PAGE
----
The U.S. Department of Justice filed a lawsuit Wednesday alleging that AT&T-owned DirecTV orchestrated unlawful information exchanges with three of its competitors that resulted in the companies’ decisions to not carry the Dodgers Channel, the Justice Department said in a statement.
The Justice Department alleges that DirecTV unlawfully exchanged competitively-sensitive information with Cox, Charter and AT&T about the companies’ ongoing negotiations to telecast the Dodgers through SportsNet LA, who holds exclusive telecast rights for live Dodgers games, and whether they would carry the channel in the future. The discussions allegedly enabled the companies to obtain bargaining leverage and reduce the risk that they would lose subscribers if they did not broadcast the Dodgers Channel but a competitor did.
“Dodgers fans were denied a fair competitive process when DirecTV orchestrated a series of information exchanges with direct competitors that ultimately made consumers less likely to be able to watch their hometown team,” said Deputy Assistant Attorney General Jonathan Sallet of the Justice Department’s Antitrust Division in a statement. “Competition, not collusion, best serves consumers and that is especially true when, as with pay-television providers, consumers have only a handful of choices in the marketplace.”
The Dodgers Channel is still not carried by DirecTV, Cox or AT&T.
"The facts that are in this suit —if the facts are accurate —[show] that there was collusion," Wall Street Journal media reporter Joe Flint told KPCC's AirTalk. “It’s a very interesting suit because basically, from reading it, one can gather that Cox and Charter cooperated with the Justice Department on this. ... It doesn’t exactly look good for DirecTV, and Game 7 of the World Series timing aside, there’s something even bigger at stake, because critics of AT&T’s potential deal to acquire Time Warner — the entertainment company, not the cable company — will point to this suit as an example of why this deal shouldn’t happen.”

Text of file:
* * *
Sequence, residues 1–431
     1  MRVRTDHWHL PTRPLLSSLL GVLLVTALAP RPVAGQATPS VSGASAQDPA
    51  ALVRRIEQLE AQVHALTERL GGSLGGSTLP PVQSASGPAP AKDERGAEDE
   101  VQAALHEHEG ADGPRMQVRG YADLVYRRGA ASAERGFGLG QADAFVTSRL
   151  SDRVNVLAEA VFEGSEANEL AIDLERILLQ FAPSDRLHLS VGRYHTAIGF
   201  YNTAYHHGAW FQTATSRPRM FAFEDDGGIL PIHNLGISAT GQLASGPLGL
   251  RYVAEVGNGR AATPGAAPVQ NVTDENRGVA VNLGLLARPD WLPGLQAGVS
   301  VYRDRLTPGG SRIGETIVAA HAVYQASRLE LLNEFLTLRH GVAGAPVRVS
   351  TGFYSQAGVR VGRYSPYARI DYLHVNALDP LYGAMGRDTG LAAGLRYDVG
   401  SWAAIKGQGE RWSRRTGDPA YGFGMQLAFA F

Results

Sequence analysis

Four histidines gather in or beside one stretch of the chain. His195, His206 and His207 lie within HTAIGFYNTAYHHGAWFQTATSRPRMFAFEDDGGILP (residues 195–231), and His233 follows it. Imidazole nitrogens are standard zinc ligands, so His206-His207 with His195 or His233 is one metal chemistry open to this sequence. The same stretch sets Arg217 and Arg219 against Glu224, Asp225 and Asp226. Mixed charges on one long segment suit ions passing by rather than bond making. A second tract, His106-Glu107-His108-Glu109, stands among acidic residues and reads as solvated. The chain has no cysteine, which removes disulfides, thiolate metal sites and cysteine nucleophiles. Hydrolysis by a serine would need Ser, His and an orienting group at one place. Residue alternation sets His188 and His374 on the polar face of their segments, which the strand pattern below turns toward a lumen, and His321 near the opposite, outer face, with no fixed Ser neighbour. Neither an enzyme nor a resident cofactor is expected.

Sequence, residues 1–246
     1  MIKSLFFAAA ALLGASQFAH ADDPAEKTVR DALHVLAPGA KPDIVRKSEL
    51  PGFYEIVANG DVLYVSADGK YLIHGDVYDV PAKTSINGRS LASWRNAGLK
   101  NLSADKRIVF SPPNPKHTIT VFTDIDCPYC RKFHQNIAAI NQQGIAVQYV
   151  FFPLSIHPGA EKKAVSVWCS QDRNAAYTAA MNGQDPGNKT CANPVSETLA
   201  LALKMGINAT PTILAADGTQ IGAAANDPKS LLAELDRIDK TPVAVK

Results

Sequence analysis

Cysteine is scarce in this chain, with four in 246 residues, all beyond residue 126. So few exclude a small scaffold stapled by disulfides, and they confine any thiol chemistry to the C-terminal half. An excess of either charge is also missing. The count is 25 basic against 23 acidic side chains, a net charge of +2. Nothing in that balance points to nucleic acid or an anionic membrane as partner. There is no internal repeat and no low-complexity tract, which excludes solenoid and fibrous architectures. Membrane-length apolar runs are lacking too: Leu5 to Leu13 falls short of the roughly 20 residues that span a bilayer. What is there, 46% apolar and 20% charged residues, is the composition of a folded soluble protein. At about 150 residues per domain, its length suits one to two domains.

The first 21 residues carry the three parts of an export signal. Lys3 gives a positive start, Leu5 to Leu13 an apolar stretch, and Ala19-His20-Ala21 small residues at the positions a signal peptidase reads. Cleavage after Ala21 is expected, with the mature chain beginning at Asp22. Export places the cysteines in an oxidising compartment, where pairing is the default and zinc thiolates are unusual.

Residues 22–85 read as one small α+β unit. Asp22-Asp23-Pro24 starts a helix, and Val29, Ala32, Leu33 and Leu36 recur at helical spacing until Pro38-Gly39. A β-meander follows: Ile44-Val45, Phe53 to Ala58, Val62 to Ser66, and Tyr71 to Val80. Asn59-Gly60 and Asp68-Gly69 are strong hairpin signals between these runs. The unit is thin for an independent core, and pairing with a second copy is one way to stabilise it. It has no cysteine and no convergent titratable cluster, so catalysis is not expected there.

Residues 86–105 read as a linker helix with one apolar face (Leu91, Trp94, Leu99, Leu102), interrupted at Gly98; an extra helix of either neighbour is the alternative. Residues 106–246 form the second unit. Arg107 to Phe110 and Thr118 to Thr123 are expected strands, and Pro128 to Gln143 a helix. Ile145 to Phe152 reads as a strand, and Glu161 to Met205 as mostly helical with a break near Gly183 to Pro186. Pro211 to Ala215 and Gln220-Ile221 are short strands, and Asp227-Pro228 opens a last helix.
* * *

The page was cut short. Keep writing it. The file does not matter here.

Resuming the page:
Flint noted that both Bernie Sanders and Donald Trump have said that the merger is a bad deal.
“[The DOJ is] stepping into this with a designated goal and that goal is to send a message, both instantly to the various cable providers in this particular case, and I think, to a larger picture of the larger deal that is going down with AT&T and Time Warner. This a deal that is opposed across the political spectrum by some pretty heavy hitters," Flint said.
AT&T responded to the suit Wednesday, saying their decision as based solely on the channel's high cost.
“We respect the DOJ’s important role in protecting consumers, but in this case, which occurred before AT&T’s acquisition of DirecTV, we see the facts differently,” AT&T general counsel David McAtee said in a statement. “The reason why no other major TV provider chose to carry this content was that no one wanted to force all of their customers to pay the inflated prices that Time Warner Cable was demanding for a channel devoted solely to LA Dodgers baseball. We make our carriage decisions independently, legally and only after thorough negotiations with the content owner. We look forward to presenting these facts in court.”
The investigation appears to be one that's been underway for some time.
“I think that the Justice Department has been looking for this for a while," Deadline Senior Editor Dominic Patten told AirTalk. "Certainly L.A. Dodgers fans have been annoyed at this for a while."
For their part, the Dodgers weighed in to say they hope the Justice Department's suit results in more fans being able to see their games on television.
"The allegations against DirecTV in today's complaint by the U.S. Justice Department are shocking but not surprising," Dodgers president/CEO Stan Kasten said in a statement. "We hope today's action leads to all Dodger fans finally being able to view all Dodger games everywhere in the market."
AT&T declined a request for an interview with KPCC.
You can read the full complaint below:
This story has been updated.